In a Glasbergen cartoon, someone says, “I’m already in the holiday mood… stressed, broke and exhausted!” Ouch. Sadly that is all too often the case. A lot of uncomfortable travel may be involved. Money is tight. Kids are out of control, and adults might be kind of ornery too. Family members are not always the presidents of one another’s fan clubs. And anyone who normally meets life’s challenges by eating is now officially at risk of getting even worse.
Here are more short hints about our holiday-related posts.
In the old days, it was very easy for parents to keep young children away from unhealthful influences. Kids had no way of knowing what dangers they were protected from, simply by not being taken to certain places. It’s more difficult now to keep them out of harm’s way, but we can still draw the line when it comes to transporting them to events that glorify values we don’t want to endorse. We might, for instance, choose not to take them to a giant decorated truck for free samples of sugar water.
By the way, did you know that Santa’s red and white color palette was chosen by, and culturally enforced by, the Coca-Cola Company?
The late Dr. Billi Gordon knew more than most people about the mental and emotional stress imposed by holidays, and all from traumatic personal experience. Once he had to pass up a critically needed MRI because there were 150 pounds too much of him to fit into the machine. Yes, this is grim stuff. If people come from dysfunctional home environments — and, around the holidays, a lot of us seem to — no amount of tinsel can cover up the distress, so it might as well be faced.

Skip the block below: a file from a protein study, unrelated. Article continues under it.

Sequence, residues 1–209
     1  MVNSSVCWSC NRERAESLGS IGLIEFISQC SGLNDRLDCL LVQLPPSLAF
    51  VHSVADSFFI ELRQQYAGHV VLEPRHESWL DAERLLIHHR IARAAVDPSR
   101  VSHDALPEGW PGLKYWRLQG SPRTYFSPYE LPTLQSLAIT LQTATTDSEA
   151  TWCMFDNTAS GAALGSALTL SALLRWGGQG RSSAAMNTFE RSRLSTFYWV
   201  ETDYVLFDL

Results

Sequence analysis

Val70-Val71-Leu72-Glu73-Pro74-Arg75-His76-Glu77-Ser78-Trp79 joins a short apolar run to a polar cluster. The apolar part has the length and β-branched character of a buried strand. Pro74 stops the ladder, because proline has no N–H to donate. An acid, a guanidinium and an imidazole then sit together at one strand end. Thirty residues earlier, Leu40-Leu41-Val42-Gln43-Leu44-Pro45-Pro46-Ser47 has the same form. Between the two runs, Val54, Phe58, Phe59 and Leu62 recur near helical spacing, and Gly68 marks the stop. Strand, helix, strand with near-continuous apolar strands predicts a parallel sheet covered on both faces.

We can pretend that family time is all love and bliss, but what is the point, really? Is there enough armor in the world to protect us from our relatives? Dr. Billi Gordon casts a neuroscientist’s eye on the trauma that comes with the holidays and causes our rational systems and self-preservative instincts to shut down.
Is there any hope for binge eaters, compulsive overeaters, or even moderate eaters who are conditioned by a lifetime of thinking of the holidays as a permission slip for imprudence? Can we possibly separate the cycles of destruction from the positive and desirable parts of the holiday experience?
There is a lot of recreational food around. The atmosphere is often stressful. We feel obliged to set a good example for our own children, and all the rest of them, too. Over the holidays, a person can gain enough pounds to keep them chubby all year. Demands and obligations are at an all-time high.
Look for the silver lining. Maybe the hand-knit scarf you love, from the crafts website, will be marked down in January. Or if you are a scarf-knitter, maybe people who get checks for Christmas will buy a few in January.
Your responses and feedback are welcome!
Image by Rudolf Ammann/CC BY 2.0